In November 2001, genetic testing for Lynch syndrome (LS) was introduced by the Ministry of Health and Long-Term Care (MOH) in Ontario for individuals at high risk for LS cancers according to either tumor immunohistochemistry staining or their family history. This article describes the outcomes of the program and makes recommendations for improving it and informing other public health care programs.METHODS:
Subjects were referred for molecular testing of the mismatch repair (MMR) genes MutL homolog 1, MutS homolog 2, and MutS homolog 6 if they met 1 of 7 MOH criteria. Testing was conducted from January 2001 to March 2015 at the Molecular Diagnostic Laboratory of Mount Sinai Hospital in Toronto.RESULTS:
A total of 1452 subjects were tested. Of the 662 subjects referred for testing because their tumor was immunodeficient for 1 or more of the MMR genes, 251 (37.9%) carried a germline mutation. In addition, 597 subjects were tested for a known family mutation, and 298 (49.9%) were positive; 189 of these 298 subjects (63.4%) were affected with cancer at the time of testing. An additional 193 subjects were referred because of a family history of LS, and 34 of these (17.6%) had a mutation identified.CONCLUSIONS:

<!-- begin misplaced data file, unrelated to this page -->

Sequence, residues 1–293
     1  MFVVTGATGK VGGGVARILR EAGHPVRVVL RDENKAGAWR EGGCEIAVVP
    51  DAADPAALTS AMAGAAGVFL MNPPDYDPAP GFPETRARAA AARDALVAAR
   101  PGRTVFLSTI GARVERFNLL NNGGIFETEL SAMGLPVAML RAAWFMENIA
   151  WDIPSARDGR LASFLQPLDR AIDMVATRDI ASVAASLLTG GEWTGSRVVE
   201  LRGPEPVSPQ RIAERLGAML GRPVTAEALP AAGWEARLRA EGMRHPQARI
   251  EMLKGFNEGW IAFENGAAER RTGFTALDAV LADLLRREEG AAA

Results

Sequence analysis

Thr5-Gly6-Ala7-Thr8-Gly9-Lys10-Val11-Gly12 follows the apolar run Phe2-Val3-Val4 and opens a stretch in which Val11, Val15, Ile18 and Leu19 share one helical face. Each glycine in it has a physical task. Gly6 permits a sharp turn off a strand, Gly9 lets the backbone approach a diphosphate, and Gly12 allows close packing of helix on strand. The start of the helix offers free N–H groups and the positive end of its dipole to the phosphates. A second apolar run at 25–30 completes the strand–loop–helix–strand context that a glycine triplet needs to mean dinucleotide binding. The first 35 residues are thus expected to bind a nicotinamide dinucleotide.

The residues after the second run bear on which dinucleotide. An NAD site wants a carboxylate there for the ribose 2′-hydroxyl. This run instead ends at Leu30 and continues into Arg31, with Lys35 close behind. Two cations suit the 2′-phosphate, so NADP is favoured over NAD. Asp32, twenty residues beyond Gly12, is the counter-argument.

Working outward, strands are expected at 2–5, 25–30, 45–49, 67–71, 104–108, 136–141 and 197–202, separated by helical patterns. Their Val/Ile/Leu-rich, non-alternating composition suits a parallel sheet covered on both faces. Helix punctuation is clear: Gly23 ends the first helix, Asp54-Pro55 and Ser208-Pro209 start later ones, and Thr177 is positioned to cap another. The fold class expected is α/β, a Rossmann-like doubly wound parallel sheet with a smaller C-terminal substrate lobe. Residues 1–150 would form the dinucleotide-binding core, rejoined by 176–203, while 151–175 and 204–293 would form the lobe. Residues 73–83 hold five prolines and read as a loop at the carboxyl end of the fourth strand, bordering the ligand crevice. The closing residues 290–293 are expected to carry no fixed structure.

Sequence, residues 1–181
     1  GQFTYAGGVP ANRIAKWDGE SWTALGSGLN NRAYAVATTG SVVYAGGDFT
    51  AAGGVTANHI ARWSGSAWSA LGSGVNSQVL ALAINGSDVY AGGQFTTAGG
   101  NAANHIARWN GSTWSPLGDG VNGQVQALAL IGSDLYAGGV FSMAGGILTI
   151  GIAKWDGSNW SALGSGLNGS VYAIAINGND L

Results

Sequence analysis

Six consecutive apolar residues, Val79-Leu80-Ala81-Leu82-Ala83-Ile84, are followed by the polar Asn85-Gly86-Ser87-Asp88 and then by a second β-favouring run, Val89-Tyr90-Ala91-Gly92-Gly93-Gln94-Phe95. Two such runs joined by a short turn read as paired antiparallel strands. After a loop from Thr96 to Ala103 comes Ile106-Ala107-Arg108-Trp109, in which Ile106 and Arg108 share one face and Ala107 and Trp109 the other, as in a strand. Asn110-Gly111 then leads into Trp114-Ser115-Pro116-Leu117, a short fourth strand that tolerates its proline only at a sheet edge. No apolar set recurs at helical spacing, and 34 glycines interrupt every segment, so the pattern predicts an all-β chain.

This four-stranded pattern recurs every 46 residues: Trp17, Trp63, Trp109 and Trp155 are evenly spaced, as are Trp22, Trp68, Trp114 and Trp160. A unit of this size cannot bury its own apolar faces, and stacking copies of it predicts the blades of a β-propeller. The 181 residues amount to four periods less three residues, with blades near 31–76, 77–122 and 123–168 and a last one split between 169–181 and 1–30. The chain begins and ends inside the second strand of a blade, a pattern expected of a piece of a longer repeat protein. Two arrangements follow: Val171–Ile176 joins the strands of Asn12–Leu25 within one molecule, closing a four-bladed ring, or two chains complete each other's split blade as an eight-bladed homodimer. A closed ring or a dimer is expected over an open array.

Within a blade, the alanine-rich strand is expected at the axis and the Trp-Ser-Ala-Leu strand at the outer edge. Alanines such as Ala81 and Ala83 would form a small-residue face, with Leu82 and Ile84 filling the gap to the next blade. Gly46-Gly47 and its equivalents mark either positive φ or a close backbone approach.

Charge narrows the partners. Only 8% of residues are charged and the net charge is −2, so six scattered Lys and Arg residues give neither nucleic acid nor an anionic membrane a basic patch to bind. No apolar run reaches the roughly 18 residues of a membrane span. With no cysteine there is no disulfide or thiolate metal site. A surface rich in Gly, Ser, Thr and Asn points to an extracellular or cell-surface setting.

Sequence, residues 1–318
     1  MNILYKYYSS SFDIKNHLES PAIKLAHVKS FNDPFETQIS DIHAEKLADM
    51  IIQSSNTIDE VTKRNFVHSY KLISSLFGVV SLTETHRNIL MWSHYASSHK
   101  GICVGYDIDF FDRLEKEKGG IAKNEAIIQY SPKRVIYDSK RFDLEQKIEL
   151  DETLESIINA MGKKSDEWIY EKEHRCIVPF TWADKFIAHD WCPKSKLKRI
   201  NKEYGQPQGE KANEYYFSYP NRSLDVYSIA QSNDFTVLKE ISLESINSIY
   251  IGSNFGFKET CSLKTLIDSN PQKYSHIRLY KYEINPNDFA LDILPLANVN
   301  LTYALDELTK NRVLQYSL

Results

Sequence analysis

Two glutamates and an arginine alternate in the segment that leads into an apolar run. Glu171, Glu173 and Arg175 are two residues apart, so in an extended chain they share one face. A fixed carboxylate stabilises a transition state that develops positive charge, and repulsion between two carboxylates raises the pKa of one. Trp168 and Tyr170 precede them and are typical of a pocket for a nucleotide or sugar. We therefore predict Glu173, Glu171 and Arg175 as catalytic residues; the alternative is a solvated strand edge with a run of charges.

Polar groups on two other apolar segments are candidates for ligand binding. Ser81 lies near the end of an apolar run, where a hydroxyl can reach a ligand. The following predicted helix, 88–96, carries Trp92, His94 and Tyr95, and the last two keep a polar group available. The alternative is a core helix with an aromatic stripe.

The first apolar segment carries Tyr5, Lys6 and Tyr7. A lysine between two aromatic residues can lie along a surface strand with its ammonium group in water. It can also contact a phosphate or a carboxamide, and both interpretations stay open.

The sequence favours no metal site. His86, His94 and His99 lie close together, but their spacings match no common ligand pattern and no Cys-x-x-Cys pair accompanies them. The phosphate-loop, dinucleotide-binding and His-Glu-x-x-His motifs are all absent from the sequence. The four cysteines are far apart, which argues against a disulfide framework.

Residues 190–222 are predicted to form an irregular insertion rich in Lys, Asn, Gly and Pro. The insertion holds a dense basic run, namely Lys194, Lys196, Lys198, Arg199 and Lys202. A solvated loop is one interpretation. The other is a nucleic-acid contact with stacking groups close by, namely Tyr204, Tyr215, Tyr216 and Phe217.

These results indicate that the provincial criteria are useful in identifying LS carriers after an MMR-deficient tumor is identified. Placing greater emphasis on testing unaffected relatives in families with a known mutation may identify more unaffected carriers and facilitate primary prevention in those individuals. Cancer2016;122:1672-9. © 2016 American Cancer Society.
The province of Ontario, Canada, sponsors a genetic testing program that is effective in identifying Lynch syndrome mutation carriers. Through the testing of more unaffected family members, more cancers may be prevented.